“I would work with a lot of partner poses,” says Kane, “just doing a simple twist so that you’re doing the twist, either back-to-back or some part of the body is touching to reintegrate kids into socialising.”
Kane says the hardest pose to teach kids is “savasana” or corpse pose. “Just being able to be with your body, your own thoughts, and your own breath, and being body aware, you have to build some body awareness, rather than masking all these difficult feelings or emotions with distractions.”
While the staff at Larkin Community College are fundamental to the success of the programme, with many delivering additional classes early in the morning or during lunchtimes, the school also benefited from the expertise of some outside bodies.
Shelbourne Football Club provided football coaching to the participants. “When you talk about role models, who better to have than the people that are on your doorstep?” says Usher.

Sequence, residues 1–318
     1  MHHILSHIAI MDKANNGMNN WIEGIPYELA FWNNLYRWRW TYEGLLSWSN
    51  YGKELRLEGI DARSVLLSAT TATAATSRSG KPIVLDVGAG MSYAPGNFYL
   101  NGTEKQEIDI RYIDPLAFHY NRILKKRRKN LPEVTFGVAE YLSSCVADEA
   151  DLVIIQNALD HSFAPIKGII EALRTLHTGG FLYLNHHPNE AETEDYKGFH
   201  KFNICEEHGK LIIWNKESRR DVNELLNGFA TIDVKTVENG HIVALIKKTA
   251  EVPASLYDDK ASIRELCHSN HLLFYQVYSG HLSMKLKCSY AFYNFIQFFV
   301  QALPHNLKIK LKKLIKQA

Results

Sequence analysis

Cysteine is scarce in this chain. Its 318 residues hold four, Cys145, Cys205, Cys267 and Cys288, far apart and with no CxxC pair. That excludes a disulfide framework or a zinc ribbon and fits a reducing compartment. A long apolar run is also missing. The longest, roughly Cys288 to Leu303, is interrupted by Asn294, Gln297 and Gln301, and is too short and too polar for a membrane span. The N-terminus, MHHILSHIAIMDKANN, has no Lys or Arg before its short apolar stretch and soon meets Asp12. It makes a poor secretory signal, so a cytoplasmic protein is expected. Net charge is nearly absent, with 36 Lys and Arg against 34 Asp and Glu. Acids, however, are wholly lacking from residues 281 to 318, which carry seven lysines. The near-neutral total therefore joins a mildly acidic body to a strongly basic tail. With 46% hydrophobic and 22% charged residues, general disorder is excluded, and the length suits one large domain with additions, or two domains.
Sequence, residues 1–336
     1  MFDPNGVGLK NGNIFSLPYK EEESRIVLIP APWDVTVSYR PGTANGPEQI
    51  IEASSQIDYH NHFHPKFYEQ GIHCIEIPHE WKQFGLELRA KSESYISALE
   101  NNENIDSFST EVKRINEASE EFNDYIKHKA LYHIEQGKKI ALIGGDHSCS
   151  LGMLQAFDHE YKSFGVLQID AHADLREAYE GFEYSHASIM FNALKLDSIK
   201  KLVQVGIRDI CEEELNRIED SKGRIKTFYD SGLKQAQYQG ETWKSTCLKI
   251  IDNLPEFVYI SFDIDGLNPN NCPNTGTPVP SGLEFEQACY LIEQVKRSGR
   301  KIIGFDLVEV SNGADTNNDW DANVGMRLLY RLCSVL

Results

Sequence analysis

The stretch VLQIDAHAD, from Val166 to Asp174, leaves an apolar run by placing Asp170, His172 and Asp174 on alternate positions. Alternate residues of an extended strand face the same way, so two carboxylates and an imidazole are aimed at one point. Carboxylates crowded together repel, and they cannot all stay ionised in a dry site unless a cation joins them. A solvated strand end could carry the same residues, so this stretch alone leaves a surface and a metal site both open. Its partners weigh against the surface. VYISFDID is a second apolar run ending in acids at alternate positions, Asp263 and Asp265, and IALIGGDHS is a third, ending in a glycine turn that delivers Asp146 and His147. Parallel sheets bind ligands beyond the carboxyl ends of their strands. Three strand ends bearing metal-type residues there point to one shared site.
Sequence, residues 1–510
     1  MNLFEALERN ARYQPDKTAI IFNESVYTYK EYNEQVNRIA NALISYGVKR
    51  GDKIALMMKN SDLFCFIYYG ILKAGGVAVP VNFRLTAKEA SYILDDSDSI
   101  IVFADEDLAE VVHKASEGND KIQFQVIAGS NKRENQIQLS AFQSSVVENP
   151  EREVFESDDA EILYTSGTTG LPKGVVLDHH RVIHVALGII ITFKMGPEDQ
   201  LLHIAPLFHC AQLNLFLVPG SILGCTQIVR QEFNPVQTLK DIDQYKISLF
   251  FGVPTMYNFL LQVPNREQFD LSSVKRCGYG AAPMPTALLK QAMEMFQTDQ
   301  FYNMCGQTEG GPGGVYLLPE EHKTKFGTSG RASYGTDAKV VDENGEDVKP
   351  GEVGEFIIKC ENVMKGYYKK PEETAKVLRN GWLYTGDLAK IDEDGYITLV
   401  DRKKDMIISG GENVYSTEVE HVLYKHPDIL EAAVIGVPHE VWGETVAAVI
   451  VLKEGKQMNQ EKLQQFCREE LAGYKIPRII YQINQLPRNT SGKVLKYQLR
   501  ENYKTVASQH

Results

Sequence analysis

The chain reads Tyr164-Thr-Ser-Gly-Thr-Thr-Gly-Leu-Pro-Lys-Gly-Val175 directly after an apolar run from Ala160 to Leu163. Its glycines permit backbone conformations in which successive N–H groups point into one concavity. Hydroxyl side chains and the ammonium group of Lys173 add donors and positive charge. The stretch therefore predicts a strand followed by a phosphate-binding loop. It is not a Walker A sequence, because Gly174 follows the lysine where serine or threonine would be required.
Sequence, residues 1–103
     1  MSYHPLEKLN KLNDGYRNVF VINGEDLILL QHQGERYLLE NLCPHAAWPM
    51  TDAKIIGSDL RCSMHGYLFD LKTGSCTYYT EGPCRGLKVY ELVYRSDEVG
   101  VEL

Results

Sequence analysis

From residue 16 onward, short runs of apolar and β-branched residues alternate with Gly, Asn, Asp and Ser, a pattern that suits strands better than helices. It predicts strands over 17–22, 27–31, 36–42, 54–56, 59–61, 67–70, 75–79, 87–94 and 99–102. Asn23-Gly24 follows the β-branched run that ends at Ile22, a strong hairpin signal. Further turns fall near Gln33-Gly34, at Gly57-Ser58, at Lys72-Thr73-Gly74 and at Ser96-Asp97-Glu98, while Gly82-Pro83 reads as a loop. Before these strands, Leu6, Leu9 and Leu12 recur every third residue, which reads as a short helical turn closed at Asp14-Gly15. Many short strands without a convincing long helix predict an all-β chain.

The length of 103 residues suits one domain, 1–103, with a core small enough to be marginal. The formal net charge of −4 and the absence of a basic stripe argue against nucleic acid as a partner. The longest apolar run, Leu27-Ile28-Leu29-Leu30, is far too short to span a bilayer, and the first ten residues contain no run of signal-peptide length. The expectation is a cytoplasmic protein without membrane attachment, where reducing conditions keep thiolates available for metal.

“We have been down to Tolka and met the ladies and the men’s teams down there and the coaches that we have, along with the coaches that are working in the school, are coaches that are working down in Shelbourne too.”
The greatest success for me is to see how kids have actually flourished— Thomas Usher
The programme received another excellent assist in the form of the chair of the football programme. Michael McAteer, who was drawn to the project on a personal level, was able to bring the professional skills of Grant Thornton into play and allowed the staff and coaches at the school focus on the footwork.
“My role as chair of the steering committee is to make sure that that we are sticking to the ethos of the programme and trying to achieve as many of the objectives that we set out at the very start in August 2021,” says McAteer, managing partner of Grant Thorton Ireland.